If you download this Cocoa application:
It contains a webview, which points to to this url:
The page at that URL will show you the events generated when any key is pressed. If you try this with any of the arrow keys, as well as several others like delete, page up, page down, etc., you'll see that the behavior is different when visiting the URL in Safari and when using the Cocoa application.
This difference should be reconciled. Personally, I believe the technique used in the Cocoa app is the correct one, but I think WebKit changed its behavior to the new behavior seen in Safari intentionally a few months ago. Whichever way you choose, it just needs to be consistent.
In 280 Slides (and all Cappuccino apps) we have to do a WebKit version check to determine the correct behavior of keys, which while not ideal, is acceptable. The problem arrises for any WebKit based browser that isn't Safari -- unless we specifically know about their UserAgent ahead of time, we'll expect them to use this "remedial key support" behavior, when in fact they use the older, more correct behavior. The result is that 280 Slides sees two keypresses instead of one.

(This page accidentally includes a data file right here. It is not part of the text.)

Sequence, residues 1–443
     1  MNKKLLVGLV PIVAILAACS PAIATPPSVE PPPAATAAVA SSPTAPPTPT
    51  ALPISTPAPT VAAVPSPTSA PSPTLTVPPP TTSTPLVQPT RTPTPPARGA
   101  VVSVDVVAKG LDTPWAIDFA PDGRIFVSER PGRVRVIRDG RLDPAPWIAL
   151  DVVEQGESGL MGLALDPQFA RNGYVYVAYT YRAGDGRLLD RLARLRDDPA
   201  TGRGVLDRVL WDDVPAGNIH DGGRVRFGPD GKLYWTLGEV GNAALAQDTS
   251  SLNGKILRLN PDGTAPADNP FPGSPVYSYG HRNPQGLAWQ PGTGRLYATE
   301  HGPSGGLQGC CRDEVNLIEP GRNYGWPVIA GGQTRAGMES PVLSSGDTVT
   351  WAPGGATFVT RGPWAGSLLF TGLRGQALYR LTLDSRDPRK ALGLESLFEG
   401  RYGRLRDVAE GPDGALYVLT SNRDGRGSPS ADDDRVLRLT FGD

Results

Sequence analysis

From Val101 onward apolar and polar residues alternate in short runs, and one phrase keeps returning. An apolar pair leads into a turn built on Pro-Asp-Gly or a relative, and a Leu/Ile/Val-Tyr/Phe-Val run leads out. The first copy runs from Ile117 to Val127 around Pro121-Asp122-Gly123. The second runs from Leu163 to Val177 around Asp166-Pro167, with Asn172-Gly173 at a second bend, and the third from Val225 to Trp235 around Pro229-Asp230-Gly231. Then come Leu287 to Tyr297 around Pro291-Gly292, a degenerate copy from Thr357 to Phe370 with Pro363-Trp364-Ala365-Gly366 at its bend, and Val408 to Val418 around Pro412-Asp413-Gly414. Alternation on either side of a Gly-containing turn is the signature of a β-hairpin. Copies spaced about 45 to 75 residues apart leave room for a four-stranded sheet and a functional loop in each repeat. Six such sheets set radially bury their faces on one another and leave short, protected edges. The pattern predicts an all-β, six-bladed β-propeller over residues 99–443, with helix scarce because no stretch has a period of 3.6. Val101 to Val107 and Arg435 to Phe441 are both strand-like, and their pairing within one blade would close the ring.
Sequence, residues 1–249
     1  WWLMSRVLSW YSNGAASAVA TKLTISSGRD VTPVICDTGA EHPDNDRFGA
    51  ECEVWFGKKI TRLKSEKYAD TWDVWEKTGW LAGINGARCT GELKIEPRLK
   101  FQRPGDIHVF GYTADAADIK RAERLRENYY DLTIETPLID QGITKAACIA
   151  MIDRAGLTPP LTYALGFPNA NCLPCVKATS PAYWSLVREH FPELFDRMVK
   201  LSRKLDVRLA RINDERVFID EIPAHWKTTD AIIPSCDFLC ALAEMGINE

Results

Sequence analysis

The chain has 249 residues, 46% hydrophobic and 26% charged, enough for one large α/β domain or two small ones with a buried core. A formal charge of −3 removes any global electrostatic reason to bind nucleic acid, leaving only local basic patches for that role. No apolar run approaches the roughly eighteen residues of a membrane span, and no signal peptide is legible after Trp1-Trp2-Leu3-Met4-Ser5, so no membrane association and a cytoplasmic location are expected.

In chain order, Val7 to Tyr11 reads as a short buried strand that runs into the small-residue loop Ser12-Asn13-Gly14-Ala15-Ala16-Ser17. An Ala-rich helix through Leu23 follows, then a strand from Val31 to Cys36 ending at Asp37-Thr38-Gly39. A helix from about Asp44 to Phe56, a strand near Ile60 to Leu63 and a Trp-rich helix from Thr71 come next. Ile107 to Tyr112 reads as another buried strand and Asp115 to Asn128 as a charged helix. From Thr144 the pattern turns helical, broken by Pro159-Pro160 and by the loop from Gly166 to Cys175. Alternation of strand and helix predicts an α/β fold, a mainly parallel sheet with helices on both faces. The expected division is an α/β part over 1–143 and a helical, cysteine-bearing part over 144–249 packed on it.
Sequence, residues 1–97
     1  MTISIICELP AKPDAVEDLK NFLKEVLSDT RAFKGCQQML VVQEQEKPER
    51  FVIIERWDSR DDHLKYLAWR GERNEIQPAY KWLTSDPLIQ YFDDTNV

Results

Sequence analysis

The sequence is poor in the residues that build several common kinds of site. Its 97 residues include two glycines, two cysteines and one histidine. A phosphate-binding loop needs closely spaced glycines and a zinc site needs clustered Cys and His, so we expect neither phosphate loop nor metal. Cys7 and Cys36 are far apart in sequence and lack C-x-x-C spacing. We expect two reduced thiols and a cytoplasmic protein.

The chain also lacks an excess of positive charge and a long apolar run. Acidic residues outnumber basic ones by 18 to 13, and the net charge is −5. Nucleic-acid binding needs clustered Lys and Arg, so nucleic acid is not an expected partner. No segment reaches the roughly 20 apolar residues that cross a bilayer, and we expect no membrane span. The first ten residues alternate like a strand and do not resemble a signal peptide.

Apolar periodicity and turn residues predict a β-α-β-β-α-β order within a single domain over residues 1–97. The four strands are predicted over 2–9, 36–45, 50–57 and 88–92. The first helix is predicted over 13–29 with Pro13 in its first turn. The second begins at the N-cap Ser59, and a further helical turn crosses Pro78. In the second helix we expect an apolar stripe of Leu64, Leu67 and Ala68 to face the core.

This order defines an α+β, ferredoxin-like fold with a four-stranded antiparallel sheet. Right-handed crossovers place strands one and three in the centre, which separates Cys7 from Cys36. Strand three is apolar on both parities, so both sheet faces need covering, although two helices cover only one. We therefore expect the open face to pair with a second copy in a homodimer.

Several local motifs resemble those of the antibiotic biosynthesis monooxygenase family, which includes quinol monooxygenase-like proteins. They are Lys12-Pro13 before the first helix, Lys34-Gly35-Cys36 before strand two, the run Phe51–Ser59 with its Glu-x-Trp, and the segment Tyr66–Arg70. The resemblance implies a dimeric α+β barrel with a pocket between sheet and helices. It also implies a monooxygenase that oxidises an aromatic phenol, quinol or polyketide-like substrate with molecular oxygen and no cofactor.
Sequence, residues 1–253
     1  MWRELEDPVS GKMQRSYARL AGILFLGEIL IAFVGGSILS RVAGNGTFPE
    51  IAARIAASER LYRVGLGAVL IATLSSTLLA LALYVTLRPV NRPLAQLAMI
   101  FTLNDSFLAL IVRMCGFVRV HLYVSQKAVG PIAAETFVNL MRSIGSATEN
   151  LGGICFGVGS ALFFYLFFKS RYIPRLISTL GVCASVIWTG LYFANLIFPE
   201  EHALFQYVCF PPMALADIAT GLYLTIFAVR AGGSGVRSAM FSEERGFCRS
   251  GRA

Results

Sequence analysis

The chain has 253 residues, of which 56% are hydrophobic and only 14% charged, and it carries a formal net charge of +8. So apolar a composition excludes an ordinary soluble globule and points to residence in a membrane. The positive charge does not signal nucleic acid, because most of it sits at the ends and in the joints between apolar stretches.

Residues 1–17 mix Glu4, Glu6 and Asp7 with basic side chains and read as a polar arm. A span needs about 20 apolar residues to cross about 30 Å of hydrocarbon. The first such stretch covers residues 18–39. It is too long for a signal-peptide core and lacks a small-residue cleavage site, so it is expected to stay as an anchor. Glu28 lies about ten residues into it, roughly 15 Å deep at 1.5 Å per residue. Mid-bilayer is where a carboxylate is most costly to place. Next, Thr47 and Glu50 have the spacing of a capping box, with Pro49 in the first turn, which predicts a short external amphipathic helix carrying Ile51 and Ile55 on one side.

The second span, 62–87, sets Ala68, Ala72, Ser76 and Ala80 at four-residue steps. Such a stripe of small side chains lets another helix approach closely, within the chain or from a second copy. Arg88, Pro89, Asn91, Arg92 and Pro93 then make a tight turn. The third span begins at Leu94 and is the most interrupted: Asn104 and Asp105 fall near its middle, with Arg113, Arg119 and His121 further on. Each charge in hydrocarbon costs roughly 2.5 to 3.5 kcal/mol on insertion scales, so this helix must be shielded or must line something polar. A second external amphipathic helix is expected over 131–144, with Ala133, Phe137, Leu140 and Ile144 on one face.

I neglected to be specific about the difference, so here it is.
In the Cocoa application, keydown, keypress, and keyup are all generated. In Safari proper, only keydown and keyup are generated.
This is not a Safari vs other WebKit app difference, but a difference based on the version of WebKit that the application linked against. The different behaviour only shows up if you link the test Cocoa application against a version of WebKit from Safari 3.0 or older (eg, against the 10.4u SDK). It's because of the quirk that was introduced in <http://trac.webkit.org/changeset/28693>.
Alexey, do you happen to know why we decided to leave this quirk in as a linked-on-or-after check?
We have added the quirk without having any specific examples of applications that depended on this (other than Safari's own RSS feed reader). But it seems quite possible that there are applications that would be affected by this change.
Is there a better check we could use?
The discussion stalled, meaning that existing behavior is fine.